other featured patients
Buddy's trip to the MRI will be shown on national television next
fall during the "Your Horse's Health" segment of the show "America's
Horse," which appears on the Outdoor Life Network.
Buddy, who is owned by Washington State University, is lame, a
common difficulty for horses.
Large animal veterinarian Kenton Morgan, the host of the health
segments, was at the veterinary hospital at WSU Tuesday to film both
Buddy's experience and the wide array of diagnostic facilities
available for equine clients at the university.
Morgan works for the animal health division of Bayer Inc. One small
part of his work is explaining common horse health problems to the
general television audience. More of his time is spent educating the
Bayer sales force about new medications for animals and giving
seminars to practicing veterinarians on the same topics. The job is
both rewarding and demanding.
"My family has two horses, but I call them pasture ornaments because
we just don't get to ride them that much," he said.
Earlier in his career Morgan worked at a horse ranch outside
Hagerman, Idaho. He now lives in the Midwest but spends much of his
time traveling. He estimates that about 90 percent of his work is
involved with horses and their veterinary needs.
"His passion for what he's doing makes him good on camera, you can
just tell," said Darin Watkins as he watched the filming in
Watkins is a new public information officer for the vet school, but
he spent many years in television broadcasting before coming to the
Morgan is modest about his role as a TV host.
"It has taken some getting used to and I'm certainly still learning
as I go along," he said.
In jeans and a hat, Morgan looks the part of a horse doctor. His
experience becomes evident as he talks about equine health problems.
"Colic is the number one killer of horses, but the problem is that
colic is really just a symptom -- the condition can be caused by a
dozen different things," he said. "It's similar with lameness.
There's just a lot of different things that can cause a horse to go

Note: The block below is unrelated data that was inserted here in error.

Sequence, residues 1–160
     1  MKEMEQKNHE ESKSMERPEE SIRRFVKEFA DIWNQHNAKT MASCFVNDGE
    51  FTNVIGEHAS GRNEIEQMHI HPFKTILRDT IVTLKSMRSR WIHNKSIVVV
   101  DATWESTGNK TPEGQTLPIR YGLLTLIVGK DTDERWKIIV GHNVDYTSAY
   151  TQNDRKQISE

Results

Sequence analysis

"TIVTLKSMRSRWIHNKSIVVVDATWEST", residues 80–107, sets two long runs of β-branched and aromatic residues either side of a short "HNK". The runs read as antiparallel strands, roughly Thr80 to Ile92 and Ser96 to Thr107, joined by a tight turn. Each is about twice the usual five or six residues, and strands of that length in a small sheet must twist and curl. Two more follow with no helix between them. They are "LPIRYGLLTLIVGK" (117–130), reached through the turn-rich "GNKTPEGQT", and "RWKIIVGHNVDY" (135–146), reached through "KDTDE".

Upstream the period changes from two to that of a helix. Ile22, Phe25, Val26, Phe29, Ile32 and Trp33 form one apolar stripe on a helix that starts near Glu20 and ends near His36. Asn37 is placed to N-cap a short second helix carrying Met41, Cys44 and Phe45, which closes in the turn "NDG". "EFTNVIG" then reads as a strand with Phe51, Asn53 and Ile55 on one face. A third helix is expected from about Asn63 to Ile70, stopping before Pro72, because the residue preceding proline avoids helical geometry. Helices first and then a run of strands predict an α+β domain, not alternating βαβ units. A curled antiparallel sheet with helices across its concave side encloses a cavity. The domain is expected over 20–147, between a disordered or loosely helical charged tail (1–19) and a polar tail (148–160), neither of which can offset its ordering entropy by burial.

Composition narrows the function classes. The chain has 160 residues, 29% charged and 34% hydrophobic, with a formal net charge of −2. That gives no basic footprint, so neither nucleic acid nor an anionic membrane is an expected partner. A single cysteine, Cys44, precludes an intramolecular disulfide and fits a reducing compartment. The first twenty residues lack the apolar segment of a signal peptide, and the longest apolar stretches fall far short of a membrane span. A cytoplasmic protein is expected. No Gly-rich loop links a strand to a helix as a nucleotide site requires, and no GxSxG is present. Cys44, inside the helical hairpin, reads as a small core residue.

lame. It's amazing how the good Lord put a horse's foot together,
and all that power and weight when they are running has to go
through their bones and the soft-tissue around them."
Morgan and his production crew came to WSU to highlight the
facilities available for horses at the vet hospital.
"We have what was the first MRI for horses in the world here at
WSU," university veterinarian Bob Schneider said.
Schneider was taped talking with Morgan, explaining the different
diagnostic techniques available in Pullman.
"Ultrasound works well for some things, but we can't see through a
horse's hoof with ultrasound waves," Schneider said. "The MRI is
very useful for equine cases. We have been able to diagnose lameness
problems, including ones we didn't know existed before the MRI
A proper diagnosis is crucial for the treatment of lameness. If a
vet knows the horse is lame due to tendonitis, then rest can help.
Other causes of lameness wouldn't be helped by resting the leg,
The MRI exam for a horse costs between $1,000 and $1,500, WSU vet
Russell Tucker noted. But that price is cheap when compared to the
exploratory surgery that used to be required to diagnose some causes
of equine lameness.
The vet hospital was happy to cooperate with the television crew
because WSU sometimes has difficulty getting the word out to the
public that the hospital is open for any and all animals in need of
"The biggest misperceptions are that people think we are only a
research facility or they think you need a referral to come here,"
vet hospital spokesman Charlie Powell said. "But we are open to the
public and we have people here literally 24 hours a day, seven days
While Buddy the horse woke from his exam, the WSU vets made a
diagnosis of a disruption or tearing of a ligament in his foot.
"The MRI is the only way we have to diagnose a condition like this
that's deeply buried in the foot structure," Tucker said.
Resting the foot is the treatment plan. Horses can't be put in wheel
chairs, so Buddy will be restricted to a small stall for several
weeks. Then gradually vet students will reintroduce him to walking.
If Buddy's progress is good, he'll be back in the pasture in time to
enjoy summer. And in the fall his doctors will be able to see
themselves and Buddy on television.